Everyone Has a Story

12.12.12 copyEarlier this year my family went down to New Orleans for a short vacation. While there, I able to engage in a favorite past-time: people watching. “People watching” sounds much nicer than “creeping,” so I’ll stick with that.

Two guys captivated my attention while there. The first guy worked at the New Orleans Insectarium. He was in his late 20s, and he screamed ‘beatnik’ with his Shaggy-like beard. He looked like the guy who would hit the hippest coffee shop in town after work. Here’s my favorite part: his job at the Insectarium was to hold live roaches and let paying guests (like me) play with them and pet them. That’s what he did all day. He sat on a stool and played with roaches. Where was that job on Career Day in high school?

The second guy that captivated me was in the New Orleans Aquarium. While we were eating lunch in the Aquarium Food Court, he was sitting behind a portable hot dog stand, waiting to sell someone a hot dog. No one came. For the entire 45 minutes we ate lunch, no one came to his stand. So he just sat there, staring blankly into space, for 45 minutes. He was young, early 20s. He looked fit. If this is what he did all day, where did he find his purpose?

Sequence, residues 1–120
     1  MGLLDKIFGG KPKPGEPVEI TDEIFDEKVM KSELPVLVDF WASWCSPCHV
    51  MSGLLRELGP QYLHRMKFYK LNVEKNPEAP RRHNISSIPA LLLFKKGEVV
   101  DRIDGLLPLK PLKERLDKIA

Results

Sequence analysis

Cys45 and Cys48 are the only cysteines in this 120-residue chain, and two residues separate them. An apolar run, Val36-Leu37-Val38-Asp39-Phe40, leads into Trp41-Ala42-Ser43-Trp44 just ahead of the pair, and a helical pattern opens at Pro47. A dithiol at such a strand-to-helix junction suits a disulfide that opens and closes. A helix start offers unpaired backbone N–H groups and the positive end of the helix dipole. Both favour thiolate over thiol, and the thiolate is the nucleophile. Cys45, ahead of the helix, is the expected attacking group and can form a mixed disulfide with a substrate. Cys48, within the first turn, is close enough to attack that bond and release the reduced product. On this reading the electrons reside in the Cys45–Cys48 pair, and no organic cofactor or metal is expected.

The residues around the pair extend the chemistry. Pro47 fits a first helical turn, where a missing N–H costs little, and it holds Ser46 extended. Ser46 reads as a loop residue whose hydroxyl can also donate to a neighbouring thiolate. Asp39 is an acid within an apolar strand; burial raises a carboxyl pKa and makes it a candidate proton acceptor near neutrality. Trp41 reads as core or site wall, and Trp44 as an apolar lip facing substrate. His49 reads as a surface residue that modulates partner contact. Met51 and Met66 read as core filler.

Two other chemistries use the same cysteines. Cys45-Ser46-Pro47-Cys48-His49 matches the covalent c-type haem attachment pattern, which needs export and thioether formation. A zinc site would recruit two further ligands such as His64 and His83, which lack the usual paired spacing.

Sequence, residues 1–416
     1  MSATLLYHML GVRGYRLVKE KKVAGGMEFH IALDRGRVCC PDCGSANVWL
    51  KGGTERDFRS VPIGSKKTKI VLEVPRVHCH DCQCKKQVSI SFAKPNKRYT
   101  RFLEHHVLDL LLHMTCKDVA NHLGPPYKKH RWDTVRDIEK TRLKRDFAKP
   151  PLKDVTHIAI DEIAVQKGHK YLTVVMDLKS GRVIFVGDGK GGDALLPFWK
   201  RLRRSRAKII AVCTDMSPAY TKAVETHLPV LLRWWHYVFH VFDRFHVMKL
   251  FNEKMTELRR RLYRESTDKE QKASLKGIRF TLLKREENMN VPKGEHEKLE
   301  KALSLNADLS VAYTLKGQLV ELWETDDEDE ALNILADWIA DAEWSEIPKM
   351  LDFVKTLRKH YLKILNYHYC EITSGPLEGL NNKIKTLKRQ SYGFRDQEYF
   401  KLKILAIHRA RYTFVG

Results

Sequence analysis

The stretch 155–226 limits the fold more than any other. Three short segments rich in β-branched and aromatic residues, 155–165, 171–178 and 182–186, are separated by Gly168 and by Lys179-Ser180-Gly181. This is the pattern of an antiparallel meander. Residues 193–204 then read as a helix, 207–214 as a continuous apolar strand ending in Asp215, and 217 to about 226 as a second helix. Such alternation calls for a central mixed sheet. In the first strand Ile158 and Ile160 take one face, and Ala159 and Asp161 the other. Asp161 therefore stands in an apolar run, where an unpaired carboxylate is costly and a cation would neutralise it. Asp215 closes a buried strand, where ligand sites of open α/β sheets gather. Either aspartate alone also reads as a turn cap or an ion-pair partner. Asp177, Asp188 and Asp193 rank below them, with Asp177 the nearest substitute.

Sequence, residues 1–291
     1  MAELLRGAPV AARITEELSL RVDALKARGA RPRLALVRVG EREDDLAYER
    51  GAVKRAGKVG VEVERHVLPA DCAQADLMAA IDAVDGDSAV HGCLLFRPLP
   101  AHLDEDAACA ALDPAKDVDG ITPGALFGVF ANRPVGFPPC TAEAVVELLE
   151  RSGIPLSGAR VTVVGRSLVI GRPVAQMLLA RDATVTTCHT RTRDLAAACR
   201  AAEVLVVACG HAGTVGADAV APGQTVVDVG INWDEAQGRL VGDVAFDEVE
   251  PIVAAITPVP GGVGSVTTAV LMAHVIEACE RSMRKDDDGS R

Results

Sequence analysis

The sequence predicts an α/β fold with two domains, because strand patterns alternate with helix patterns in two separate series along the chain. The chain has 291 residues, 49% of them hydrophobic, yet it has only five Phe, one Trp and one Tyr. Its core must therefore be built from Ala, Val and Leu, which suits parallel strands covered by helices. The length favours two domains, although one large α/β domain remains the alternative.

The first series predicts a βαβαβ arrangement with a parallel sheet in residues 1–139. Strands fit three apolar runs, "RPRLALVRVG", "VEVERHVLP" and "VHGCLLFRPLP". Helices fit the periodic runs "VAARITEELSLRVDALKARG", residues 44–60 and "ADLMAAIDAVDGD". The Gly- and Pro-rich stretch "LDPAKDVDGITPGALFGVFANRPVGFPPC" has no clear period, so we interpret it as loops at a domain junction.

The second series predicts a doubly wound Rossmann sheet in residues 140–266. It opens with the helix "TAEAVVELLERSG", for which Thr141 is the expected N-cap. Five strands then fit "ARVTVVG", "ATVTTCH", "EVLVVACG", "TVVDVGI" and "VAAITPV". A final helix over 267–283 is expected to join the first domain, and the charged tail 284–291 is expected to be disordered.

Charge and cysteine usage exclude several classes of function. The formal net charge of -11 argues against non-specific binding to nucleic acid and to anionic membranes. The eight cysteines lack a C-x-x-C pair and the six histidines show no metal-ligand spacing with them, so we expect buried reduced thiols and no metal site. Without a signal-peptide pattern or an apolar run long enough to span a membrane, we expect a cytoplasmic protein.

Have you ever encountered someone and tried to imagine what their life was like? Next time you see someone on the sidewalk, pay for gas, or have someone bag your food at the grocery store, try to imagine their life. What’s their story?

Your story is the sum total of your life experiences, your childhood, your difficult circumstances, your personality quirks that you inherited from your aunt, the twisting, winding road that brought you to where you are today. That’s your story. The question is, how many stories do we really know? If we don’t know someone’s story, we don’t know them.

Spend some time and find someone’s story this week. See what it does to you.

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